Back in 2002 Dead Gentlemen Productions made the straight-to-dvd movie The Gamers, combining low-budget effects and amateur acting with geek humor that was instantly recognizable to anyone who's ever played Dungeons and Dragons. The result was a hysterical movie that become legendary in gaming circles. Dead Gentlemen Productions has upped the ante, with more polished special effects and much more professional acting, with their semi-sequel The Gamers: Dorkness Rising.

Lodge (Nathan Rice) is the gamemaster with a problem: His players -- Gary (Christian Doyle), Cass (Brian Lewis), and Leo (Scott C. Brown) -- keep getting slaughtered in the adventure he wants to write for publication. But when new player -- and Cass's ex-girlfriend -- Joanna (Carol Roscoe) joins the group, with a new type of fighter, the adventure could get underway.

Much like the original Gamers, this movie alternates between the players in the real world and the adventure of their characters. Unlike The Gamers, in The Gamers: Dorkness Rising, the characters and players are represented by the same actors. Joanna becomes Daphne, a quick fighter. Gary plays the female mage Luster, who is Gary in drag except when he remembers that his character is female (at which point Luster is played by actual female Jen Page). Cass becomes the martial-arts monk Brother Silence, with bright orange robes and a bald head. And poor Leo tries playing the bard Flynn the Fine, who proves remarkably mortal. ("As if killing the bard would impress us!") Even Lodge gets in on the action, as he becomes the non-player character Sir Osric, the paladin sent to babysit the players.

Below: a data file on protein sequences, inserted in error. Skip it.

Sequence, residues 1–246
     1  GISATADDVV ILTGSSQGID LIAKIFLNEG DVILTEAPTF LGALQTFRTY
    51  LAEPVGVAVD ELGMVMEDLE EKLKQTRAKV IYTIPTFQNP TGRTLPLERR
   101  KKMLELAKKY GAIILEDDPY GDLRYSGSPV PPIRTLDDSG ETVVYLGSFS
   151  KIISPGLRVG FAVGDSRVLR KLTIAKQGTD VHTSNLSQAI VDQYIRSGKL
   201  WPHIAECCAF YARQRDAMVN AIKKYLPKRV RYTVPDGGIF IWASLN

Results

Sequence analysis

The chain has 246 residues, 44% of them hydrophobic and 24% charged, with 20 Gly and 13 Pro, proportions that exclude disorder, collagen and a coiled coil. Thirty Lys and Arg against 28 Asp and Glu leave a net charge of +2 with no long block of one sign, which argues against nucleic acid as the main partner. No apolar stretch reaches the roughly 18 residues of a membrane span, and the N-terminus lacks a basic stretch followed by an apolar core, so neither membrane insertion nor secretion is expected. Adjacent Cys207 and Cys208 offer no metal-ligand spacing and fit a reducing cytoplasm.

The Gamers: Dorkness Rising is a lot of fun. Adding a novice player provides both a means to explain some gaming terms to non-gamers and a way to show that roleplaying can be about more than just hack and slash. Gamers will enjoy seeing some of the rules acted out in real time (such as Flynn the Fine seducing every female he can, no matter where they are, with a single die roll), and gaming references abound, from the weapons from Munchkin turning up in a treasure chest to Nodwick, the most famous henchman ever, making an appearance. The movie even includes pirates vs. ninjas!

Comparisons with The Gamers are inevitable, and the second movie does lack some of the first one's inspired lunacy. But the cast of The Gamers: Dorkness Rising does very well as both players and adventurers, and there are a tremendous number of laugh-out-loud moments. (Gotta love the Bard strumming his mandolin and making up little songs, almost always dying right afterwards.) After watching The Gamers: Dorkness Rising I felt happy, amused at one of my favorite hobbies -- and wanting to sling some dice!

Overall grade: A-

Reviewed by James Lynch

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